Gluten Free: All it’s cracked up to be?

Written By


Expert Reviewed By

Dr. Lauryn Lax, OTD, MS

Dr. Lauryn, OTD, MS is a doctor of occupational therapy, clinical nutritionists and functional medicine expert with 25 years of clinical and personal experience in healing from complex chronic health issues and helping others do the same.

Gluten Free Diet 1 | Gluten Free: All It'S Cracked Up To Be?




Gluten-free is all the rage right now.


Think up any food, or food-like product, you enjoy: From pizza, to cereal, cookies, bread, crackers, and pasta—and there is now a gluten-free option on shelves in the grocery store. Many restaurants even have their own gluten-free menus and you can easily tell your waiter you are gluten-free, and more than likely they will accommodate you.


Oh man, look at how healthy we are!


But…don’t think so fast.


‘Gluten-free’ is not necessarily a ‘buffer’ for improved health.




Like the person who shops at Whole Foods and walks out with grocery bags full of organic chocolate pudding, organic macaroni and cheese, and organic cocoa puff cereal…eating gluten-free can mean many things (the same thing goes for: ‘organic’).





Recently, I consulted with a mom who has integrated a gluten-free based diet in her son’s nutrition at home, replacing Frosted Mini Wheats with Chex cereal; Goldfish snack crackers with Nut Thins (gluten-free crackers); flour tortillas with corn tortillas; and spaghetti noodles with gluten free noodles.


While her son is not consuming ‘gluten’ in his diet, so to speak, he is simply replacing many processed, food-like products for other processed, food-like products.


This scenario is all too common in the beliefs and implementation surrounding a gluten-free diet, and spurred me to shed some light on the realities of ‘gluten-free.’


Here are a few common myths—and some clarification—about going gluten-free.


Myth 1: Gluten-Free is ‘Healthier’





‘Gluten-free’ foods can be just as processed, poor fat (hydrogenated fats) and sugar-laden as many other traditional products on the shelves. Additionally, by choosing to eat many gluten-free products (such as crackers, breads, pastas, etc.), you may actually be missing out on some key crucial nutrients in your diet that you could be getting from more veggies, fruits, protein, essential fatty acids and root starches (sweet potatoes, squashes, etc.). If an ingredient list is longer than 5-6 ingredients, with names of things you cannot even pronounce, you may want to think twice about the benefits of that choice.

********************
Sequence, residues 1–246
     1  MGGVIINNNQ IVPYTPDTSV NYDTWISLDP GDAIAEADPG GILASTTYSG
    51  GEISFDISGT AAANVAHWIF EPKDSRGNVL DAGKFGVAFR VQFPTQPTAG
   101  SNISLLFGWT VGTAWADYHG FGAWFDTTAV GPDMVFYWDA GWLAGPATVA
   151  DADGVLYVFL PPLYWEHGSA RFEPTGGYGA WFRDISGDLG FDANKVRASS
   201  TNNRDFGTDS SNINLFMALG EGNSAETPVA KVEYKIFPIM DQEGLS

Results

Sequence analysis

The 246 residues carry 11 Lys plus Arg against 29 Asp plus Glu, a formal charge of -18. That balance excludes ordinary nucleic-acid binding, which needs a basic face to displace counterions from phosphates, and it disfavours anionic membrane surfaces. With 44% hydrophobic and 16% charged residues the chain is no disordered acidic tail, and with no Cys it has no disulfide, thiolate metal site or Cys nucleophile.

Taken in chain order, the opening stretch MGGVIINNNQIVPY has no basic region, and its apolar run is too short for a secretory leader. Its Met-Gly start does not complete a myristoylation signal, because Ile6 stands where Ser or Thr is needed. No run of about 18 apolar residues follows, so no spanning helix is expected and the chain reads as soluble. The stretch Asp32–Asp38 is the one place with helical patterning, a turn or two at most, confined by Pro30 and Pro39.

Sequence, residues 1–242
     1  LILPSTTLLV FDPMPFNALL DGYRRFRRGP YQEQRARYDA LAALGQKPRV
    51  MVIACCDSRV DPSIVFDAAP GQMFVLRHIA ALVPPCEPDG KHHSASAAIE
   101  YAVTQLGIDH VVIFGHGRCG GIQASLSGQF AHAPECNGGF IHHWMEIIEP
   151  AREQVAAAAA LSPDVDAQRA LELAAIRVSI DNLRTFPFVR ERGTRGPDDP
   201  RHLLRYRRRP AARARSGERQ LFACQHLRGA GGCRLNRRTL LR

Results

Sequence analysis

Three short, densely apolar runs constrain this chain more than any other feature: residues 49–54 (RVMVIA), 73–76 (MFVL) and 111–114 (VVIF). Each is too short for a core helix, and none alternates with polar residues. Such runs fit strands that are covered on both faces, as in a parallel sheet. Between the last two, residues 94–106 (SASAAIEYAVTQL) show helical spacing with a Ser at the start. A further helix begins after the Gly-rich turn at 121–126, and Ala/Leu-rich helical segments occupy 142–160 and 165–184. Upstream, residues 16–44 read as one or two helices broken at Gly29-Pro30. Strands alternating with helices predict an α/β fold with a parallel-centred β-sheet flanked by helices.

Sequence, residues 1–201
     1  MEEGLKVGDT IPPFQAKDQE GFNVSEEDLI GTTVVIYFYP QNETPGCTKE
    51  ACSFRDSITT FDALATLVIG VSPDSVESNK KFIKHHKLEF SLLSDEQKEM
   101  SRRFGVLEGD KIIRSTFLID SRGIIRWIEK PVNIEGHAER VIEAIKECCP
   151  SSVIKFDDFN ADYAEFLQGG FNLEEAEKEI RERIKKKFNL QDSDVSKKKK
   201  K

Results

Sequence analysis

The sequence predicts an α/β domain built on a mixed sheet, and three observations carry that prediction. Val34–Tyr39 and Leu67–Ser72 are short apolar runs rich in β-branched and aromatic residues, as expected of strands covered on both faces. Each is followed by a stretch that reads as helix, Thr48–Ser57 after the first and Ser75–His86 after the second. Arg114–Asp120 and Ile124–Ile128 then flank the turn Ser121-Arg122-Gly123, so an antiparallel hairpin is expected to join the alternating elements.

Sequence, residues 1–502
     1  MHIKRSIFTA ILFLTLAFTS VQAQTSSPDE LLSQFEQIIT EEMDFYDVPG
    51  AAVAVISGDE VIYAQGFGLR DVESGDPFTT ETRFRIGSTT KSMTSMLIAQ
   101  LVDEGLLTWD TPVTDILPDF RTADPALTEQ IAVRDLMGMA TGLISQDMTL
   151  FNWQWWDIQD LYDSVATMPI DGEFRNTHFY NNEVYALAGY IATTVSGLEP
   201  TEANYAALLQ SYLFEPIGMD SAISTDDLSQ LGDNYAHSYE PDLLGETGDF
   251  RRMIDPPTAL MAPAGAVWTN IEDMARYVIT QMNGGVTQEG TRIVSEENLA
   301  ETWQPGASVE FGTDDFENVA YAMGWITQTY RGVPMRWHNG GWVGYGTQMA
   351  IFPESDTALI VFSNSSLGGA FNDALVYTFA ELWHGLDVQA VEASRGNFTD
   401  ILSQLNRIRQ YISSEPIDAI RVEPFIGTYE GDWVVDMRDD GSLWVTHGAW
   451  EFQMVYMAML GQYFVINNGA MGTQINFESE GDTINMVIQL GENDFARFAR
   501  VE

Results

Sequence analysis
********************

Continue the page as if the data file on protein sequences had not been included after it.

Myth 2: Gluten is evil




Pop question: What is gluten?


Can you define it, without necessarily listing what gluten is in? (such as “gluten is in bread, pasta and cereal”…but what is it exactly?).


I couldn’t until I did a little more research.


In short: Gluten is a sticky, water-soluble protein that is found in many different grains (such as wheat, rye, barley, etc). Additionally (a little known fact), grains like corn, rice and oats also have similar proteins (to gluten) that cause problems over time. When consumed, gluten and these similar grain-based proteins break down the microvilli in your small intestine, eventually letting particles of your food leech into your blood stream (a lovely term called “leaky gut syndrome”) causing allergies, digestive disturbances or autoimmune problems.



Myth 3: Gluten-Free Grains are Better Options




Rice, beans, corn-flour, tapioca, quiona, sprouted grains—there are plenty of other ‘gluten-free’ options to appease your palate. After all…you need grains in some form or fashion, right?


You’ve heard it before: “Grains give you necessary fiber!”…“Grains provide essential vitamins, minerals and nutrients”…“They are low-fat!”


Where did you learn these beliefs?


  • Commercials and advertising.
  • The labels on many packaged products in the grocery store (cereal boxes, bread bags, cereal bar boxes, etc.).
  • Maybe even a ‘nutrition lesson’ in school or your doctor’s office (The FDA’s food pyramid claims we need 6-11 sources of grains each day).


However, a bit more digging into grains reveals that they may not be as ‘nutrient dense’ or necessary, as marketed or believed (even if they are ‘gluten-free’).